China is a great country with almost everything seems so massive (size of the people, buildings, streets, etc), combined with super awesome ancient remains and culture. It is a country where modernity and antiquity collides. It is a country where you find a big boom in consumerism. Big cities like Beijing and Shanghai where its streets are full with advertisements boards and screens for coffee, computers, branded items, fast food franchises, and face-lifts.
Rapid economic boost in China is evident with their first class hotels, convenient pubic transportation, and excellent restaurants that are prominent in Beijing. At the same time in Hutong areas there are still a good number of courtyard houses.
There are 55 different ethic minorities in China, each with their own distinctive customs, costumes, and languages. These 55 ethnic minorities, though, only comprise 7% of the total 1.35 billion people of China. The rest 93% is Han ethic. Moreover, its traditional arts, architectures, philosophy, etc… to my opinion, are just amazing.
Western world seems to emerge with the eastern life. It is so easy to find western franchise stores. Starbucks and McDonald are just examples.
As great as it is though, there aren’t many public bathrooms in China. It was quite hard for us to find a public bathroom where I didn’t have to tell people behind me not to cut my line or wondering why there was no tissue and how the heck am I going to wipe myself?
And even more challenging was to find a clean public bathroom. Either you have hold your pee and expand your bladder or you just have to hold your breath and squat on … well… it’s hard to describe. Bottom line is that you have to be very flexible with your hip flexers and your sanitary requirements.
So, one of my strategy is to find the closest McDonald or Starbucks stores nearby. Yes, it is not because they have better coffees or better hamburgers, but because they have clean bathrooms with seating toilets.
Nonetheless, my husband and I had a great time in China. We went there with a mindset that we are going to be open minded to whatever experience we are going to encounter, just observing and not judging, and simply experiencing our time there fully.
With that in mind, we walked around, took public transportation, and we biked to places. Yes, we biked in Beijing. Our native Chinese friend told us that we are crazy. I think we must be a little bit crazy considering the traffic and how people don’t really follow the traffic lights. I rang the bell the whole time I was biking – making sure of my presence in known. Using my left arm indicating left and right turn, as if they understand. One time, I saw a car was going to cross the street even though the green light gave a way for bikes/motorbikes to go. I, with my both hands, pointed to the green lights indicating our turn, looked at the driver and said,”It’s our turn!” I think my body language spoke louder because he stopped and let me go. I laughed at myself. Joshua laughed at me.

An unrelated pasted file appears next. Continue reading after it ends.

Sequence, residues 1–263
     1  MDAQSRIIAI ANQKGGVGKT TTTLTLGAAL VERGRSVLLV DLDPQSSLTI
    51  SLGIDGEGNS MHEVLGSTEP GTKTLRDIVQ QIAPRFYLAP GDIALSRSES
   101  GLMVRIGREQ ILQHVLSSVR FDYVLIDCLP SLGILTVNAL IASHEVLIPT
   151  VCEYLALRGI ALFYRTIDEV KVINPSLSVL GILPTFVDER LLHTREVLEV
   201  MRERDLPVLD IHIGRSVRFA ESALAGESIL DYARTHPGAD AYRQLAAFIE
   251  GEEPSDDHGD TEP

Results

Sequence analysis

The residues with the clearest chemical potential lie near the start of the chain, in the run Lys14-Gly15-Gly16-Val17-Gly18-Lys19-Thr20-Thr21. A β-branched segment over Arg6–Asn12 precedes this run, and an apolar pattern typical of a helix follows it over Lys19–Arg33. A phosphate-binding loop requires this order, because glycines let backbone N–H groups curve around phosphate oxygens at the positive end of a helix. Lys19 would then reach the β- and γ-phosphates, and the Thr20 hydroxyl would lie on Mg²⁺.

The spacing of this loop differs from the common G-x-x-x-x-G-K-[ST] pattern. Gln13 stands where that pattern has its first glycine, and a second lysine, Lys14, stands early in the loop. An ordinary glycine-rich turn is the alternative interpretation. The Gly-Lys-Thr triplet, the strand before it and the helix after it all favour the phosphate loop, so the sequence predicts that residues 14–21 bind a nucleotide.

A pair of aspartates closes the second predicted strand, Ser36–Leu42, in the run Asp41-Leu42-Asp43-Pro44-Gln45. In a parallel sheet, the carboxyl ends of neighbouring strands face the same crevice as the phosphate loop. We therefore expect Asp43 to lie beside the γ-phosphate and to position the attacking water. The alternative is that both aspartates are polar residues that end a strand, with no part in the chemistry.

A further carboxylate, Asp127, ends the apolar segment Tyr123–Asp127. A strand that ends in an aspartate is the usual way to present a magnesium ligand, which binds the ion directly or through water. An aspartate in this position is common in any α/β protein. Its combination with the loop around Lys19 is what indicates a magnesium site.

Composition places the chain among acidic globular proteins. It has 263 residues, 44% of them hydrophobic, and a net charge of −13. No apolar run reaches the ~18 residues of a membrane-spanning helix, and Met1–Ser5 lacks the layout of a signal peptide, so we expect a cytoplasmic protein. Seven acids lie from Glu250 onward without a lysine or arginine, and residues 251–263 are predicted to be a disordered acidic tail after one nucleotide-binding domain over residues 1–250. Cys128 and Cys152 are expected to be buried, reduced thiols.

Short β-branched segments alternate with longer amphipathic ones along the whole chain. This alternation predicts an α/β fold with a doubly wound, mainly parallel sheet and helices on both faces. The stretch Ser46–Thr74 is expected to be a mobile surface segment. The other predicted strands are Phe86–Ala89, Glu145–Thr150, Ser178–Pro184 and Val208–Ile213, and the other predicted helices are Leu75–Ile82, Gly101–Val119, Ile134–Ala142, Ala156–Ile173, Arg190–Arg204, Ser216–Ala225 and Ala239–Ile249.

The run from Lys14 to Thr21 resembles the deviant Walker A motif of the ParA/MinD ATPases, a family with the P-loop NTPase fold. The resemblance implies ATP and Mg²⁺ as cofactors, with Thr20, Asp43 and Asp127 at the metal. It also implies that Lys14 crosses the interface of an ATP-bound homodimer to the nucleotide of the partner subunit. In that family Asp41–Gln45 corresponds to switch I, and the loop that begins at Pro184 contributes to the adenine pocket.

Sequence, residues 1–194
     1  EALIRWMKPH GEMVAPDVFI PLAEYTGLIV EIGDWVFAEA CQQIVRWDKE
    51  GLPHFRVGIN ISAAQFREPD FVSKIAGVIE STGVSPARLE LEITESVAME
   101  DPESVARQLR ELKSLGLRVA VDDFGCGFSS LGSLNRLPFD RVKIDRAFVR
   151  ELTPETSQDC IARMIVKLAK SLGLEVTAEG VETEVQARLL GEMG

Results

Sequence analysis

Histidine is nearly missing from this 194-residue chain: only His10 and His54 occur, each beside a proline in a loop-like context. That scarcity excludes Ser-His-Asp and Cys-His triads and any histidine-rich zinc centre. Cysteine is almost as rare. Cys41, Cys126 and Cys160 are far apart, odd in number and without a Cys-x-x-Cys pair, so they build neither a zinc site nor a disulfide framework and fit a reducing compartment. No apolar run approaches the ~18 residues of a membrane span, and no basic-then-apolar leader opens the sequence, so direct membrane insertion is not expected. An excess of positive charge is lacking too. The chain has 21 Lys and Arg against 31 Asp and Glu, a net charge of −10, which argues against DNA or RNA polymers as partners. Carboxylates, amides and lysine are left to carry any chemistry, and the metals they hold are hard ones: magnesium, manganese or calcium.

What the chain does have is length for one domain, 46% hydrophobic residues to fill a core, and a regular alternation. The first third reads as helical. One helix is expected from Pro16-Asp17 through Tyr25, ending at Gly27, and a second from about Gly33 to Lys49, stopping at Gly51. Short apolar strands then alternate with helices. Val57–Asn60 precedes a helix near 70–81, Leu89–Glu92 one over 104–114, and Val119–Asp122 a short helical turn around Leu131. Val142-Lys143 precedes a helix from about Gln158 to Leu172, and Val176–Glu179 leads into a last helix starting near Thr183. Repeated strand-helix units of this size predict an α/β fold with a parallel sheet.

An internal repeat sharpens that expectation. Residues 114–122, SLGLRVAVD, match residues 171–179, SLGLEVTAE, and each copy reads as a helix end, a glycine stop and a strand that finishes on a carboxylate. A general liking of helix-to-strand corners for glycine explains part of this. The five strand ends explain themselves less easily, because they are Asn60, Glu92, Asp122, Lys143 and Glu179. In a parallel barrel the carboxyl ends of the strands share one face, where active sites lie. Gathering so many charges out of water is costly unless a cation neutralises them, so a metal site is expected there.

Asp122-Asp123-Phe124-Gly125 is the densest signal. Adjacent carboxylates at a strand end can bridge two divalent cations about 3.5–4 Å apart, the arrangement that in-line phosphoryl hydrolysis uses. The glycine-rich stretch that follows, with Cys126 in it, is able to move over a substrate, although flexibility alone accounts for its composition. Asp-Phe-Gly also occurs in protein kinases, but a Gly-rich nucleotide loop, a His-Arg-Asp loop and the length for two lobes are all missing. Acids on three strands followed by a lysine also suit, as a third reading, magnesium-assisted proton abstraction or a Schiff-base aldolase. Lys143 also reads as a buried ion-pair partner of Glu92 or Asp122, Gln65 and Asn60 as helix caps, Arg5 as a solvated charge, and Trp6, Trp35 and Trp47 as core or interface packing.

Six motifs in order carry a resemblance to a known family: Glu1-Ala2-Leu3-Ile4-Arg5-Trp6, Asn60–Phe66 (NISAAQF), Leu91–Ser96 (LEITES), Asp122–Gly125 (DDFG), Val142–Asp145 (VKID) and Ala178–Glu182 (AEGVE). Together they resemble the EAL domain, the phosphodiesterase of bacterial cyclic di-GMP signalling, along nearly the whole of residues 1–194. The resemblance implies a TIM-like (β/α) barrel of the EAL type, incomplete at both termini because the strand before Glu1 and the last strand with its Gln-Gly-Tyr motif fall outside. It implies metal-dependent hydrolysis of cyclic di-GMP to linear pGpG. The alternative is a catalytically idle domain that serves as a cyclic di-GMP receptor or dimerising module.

When we stopped at a red light near our hotel (it was at the end of our bike-trip day and we were tired), a traffic officer walked toward us and started speaking in Chinese to us, asking how old we are, where were are from, etc. Laughed and smiled to our broken Chinese. We think that it’s so cool that an officer just walks around and chats with us. He totally concluded our day perfectly, plus the cold beer we had at the hotel’s happy hour.
People were very nice. Very often we got help from locals. One time, we arrived from Jinan, Shandong province, late at night. It was dark and we were not sure about our direction to a place we were heading. This older man saw us confused and then walked with us to the area we were heading and then he went on to his direction. It was a good 15mins walk from the subway station!
The subway system is awesome and so easy; it literally can take you everywhere around China. We took a bullet train to Xian from Beijing. With speed over 300km/hour, we arrived Xian in 5hours, which normally would take 12-16 hours with regular train. Again, from Jinan to Beijing with only 1.5 hours ride. Around Beijing, there are so many subway lines that can take you from downtown to the most outskirt of Beijing, from Ring 1 to Ring 5. Downloading the subway app and getting a local number with data were a huge help in getting us around.
We were adventurous. Going around like a local. Eating street food like a local, and then getting diarrhea not like a local. Oppsss… But hey, it’s part of the adventure.
One of the best parts of the trip is that we met up with friends from Portland! It just felt so great. We ate spicy Sichuan food and got hiccups and turned red, cheers with fruit juice, and parted with promises to see each other again.
We cooked together at a friend’s apartment and took over her bed, letting her slept on the couch. Only true friends will let you take over her bed. 😉
Restaurant foods were great but even greater was home-cooked foods. We were visiting a close friend in Shandong province and her family fed us with delicious home-cooked meal. I still remember the vegetarian dumplings her sister made for us. Oh! So good!
Anyway… If you want to go to China, work on your hip flexers. Remember to bring tissues, buy or “borrow” from your hotel, your choice. You don’t need a mask if you are there only for a few days, you’ll live. A wise advise from my friend who lives there. Most importantly, be open minded, no judging, and fully engage with your experience.